The porosity, related to the presence of cavities, channels or interstices is of great importance since it is related to the ability of materials to interact with atoms, ions, molecules, and nanoparticles not only at their surfaces but also throughout the bulk [51, 52]. Thus, the control of porosity is very important if the objective is the development of new materials [53, 54].

The pores are classified as closed or open, considering the ability of porous materials to interact with their neighborhoods. Figure 1 shows various types of closed (a) or opened (b, c, f) pores.

Figure 1.

Schematic representation of a porous solid, presenting the most common types of pores: (a) closed; (b, c, d) opened; (e) interconnected; (f) surface roughness. Font: [55].

Open pores have continuous channels that communicate to the outer surface of the material, generating a cross-linked structure. Closed pores are inactive for the flow of liquids, gases and other substrates, being totally isolated from their neighborhood. These pores are related to macroscopic properties such as mechanical resistance and thermal conductivity [55]. The pores can also be interconnected, (e). Otherwise used to classify the pores takes into account its format: bottleneck, (b), cylindrical, (c), and funnel type, (d). The surface roughness, represented by (f), is also a type of porosity [55].

Figure 2.

Representation of the six main types of isotherm: I, microporous solids; II, non-porous solids; III, macroporous solids; IV and V, mesoporous solids; VI, non-porous solids with uniform surface.

IUPAC recommends a quantitative division of the pores in three classes according to their mean diameter: micropores, lower than 2 nm; mesopores, between 2 and 50 nm; macropores, higher than 50 nm [56]. This pore size classification is based on measurements of adsorption-desorption of N2 in boiling temperature and in the statistical width of layers of N2 adsorbed. The analysis of these data is usually done by using the Brunauer/Emmett/Teller method (BET), proposed by Stephen Brunauer, Paul Hugh Emmett e Edward Teller [57-59]. Applying BET, it is possible to describe the form of the adsorption and desorption isotherms for a specific solid. Knowing the format of the isotherm it is possible to define its porosity [60], Figure 2.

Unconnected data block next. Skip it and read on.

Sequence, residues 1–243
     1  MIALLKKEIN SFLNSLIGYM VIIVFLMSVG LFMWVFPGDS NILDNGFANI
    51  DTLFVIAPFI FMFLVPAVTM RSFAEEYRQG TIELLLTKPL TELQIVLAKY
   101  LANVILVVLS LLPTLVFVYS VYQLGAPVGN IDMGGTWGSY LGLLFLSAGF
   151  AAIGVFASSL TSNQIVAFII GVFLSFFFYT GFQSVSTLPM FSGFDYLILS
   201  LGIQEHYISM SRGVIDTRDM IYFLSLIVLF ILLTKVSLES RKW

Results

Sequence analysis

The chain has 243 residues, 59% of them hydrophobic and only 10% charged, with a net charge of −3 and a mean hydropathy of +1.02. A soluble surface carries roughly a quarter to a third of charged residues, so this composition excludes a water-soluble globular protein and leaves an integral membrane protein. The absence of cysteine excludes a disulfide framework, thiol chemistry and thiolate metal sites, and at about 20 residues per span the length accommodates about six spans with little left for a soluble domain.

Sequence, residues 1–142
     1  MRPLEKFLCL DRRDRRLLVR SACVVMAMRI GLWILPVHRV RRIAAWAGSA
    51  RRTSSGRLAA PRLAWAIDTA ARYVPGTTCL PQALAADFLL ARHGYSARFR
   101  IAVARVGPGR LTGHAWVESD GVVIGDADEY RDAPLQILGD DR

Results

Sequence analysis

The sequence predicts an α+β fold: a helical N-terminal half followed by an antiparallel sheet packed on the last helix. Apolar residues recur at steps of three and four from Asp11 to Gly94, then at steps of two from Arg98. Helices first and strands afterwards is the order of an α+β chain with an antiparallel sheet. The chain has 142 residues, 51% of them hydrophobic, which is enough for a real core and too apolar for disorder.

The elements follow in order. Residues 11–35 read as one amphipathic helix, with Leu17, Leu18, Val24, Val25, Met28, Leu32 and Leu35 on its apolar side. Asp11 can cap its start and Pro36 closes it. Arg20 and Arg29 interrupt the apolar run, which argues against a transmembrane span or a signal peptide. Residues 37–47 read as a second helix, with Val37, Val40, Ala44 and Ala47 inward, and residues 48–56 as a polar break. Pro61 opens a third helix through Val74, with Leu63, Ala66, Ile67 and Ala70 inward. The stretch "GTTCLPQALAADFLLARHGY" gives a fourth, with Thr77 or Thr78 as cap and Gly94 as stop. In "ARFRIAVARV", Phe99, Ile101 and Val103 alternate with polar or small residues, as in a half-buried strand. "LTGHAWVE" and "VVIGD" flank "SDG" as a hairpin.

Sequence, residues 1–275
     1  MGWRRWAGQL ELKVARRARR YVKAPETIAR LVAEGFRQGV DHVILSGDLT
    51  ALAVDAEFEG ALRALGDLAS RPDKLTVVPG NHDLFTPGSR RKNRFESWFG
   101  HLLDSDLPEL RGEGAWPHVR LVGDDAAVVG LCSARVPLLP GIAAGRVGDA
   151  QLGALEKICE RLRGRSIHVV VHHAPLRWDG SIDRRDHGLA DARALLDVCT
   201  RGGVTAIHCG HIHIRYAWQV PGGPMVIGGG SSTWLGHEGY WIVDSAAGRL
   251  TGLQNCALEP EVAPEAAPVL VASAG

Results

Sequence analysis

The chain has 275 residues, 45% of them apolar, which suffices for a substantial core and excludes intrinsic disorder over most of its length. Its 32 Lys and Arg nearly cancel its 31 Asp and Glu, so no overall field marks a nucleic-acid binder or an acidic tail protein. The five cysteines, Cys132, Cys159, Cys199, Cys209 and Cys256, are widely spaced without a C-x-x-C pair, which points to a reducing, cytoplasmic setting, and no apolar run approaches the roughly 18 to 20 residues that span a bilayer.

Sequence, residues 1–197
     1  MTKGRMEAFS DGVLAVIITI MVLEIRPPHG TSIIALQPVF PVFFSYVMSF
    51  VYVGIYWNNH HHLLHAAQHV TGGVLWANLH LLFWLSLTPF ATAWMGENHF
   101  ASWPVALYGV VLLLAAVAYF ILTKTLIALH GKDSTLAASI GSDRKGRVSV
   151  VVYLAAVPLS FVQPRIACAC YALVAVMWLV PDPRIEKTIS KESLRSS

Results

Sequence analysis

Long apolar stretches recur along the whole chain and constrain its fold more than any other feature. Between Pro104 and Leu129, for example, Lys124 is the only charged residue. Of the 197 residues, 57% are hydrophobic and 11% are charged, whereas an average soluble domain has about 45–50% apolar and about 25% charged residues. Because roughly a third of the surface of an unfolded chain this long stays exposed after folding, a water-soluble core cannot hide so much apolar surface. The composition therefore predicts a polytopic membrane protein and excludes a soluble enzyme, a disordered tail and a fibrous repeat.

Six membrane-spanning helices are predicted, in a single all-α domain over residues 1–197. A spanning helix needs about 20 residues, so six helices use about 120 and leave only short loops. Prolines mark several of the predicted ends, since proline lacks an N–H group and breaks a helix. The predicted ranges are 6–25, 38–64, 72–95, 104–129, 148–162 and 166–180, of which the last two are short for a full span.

Microporous solids usually present a type I isotherm, whereas the isotherms II and III are related to non-porous solids finely divided or macroporous solids. Already the isotherms type IV and V present a hysteresis loop, a characteristic of mesoporous materials. The type IV hysteresis represents materials with uniform porosity, while type V hysteresis is referred to pores with non-defined forms and sizes. Finally, the type VI hysteresis is related to non-porous solids with almost uniform surface [60, 61].

3. Mesoporous nanostructured TiO2